Paul A. Kirschner & Mirjam Neelen
Learning strategies that have a high risk of being ineffective, are usually the ones learners prefer. We say, ‘have a high risk of being ineffective’, because the learning strategies we’re referring to, such as highlighting and summarising, are not necessarily ineffective. It’s the way learners apply them that often makes them useless (see our blog ‘Why some things don’t work and how we can make them work’).
Often, learners think they’ll remember more of something that they’re reading when they reread or highlight while reading it. Unfortunately, it’s not that simple. To study effectively, and by this we mean studying in such a way that you’re able to remember and apply/use what you’ve learned a day, a week, a month, a year later, you need to use better learning strategies.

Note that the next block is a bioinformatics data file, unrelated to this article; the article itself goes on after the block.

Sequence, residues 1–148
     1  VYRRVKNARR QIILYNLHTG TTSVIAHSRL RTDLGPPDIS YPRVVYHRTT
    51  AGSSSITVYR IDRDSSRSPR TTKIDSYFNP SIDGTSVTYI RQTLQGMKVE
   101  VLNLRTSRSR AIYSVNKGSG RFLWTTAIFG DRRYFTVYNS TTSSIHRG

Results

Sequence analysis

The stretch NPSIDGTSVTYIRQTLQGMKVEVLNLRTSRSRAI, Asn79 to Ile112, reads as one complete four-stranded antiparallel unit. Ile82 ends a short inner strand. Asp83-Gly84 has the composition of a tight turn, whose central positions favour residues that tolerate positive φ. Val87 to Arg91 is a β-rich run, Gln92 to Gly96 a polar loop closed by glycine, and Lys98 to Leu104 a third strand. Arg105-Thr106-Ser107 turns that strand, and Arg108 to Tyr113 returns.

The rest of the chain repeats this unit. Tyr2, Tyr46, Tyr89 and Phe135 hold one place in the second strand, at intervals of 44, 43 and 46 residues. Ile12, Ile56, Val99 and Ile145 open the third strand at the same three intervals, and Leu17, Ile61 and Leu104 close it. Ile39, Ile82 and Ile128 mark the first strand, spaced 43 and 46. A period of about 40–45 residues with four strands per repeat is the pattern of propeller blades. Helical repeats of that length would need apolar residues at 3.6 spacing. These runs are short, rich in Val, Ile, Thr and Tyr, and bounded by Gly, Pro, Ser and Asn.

The question that arises is, then: How can we support and guide learners…
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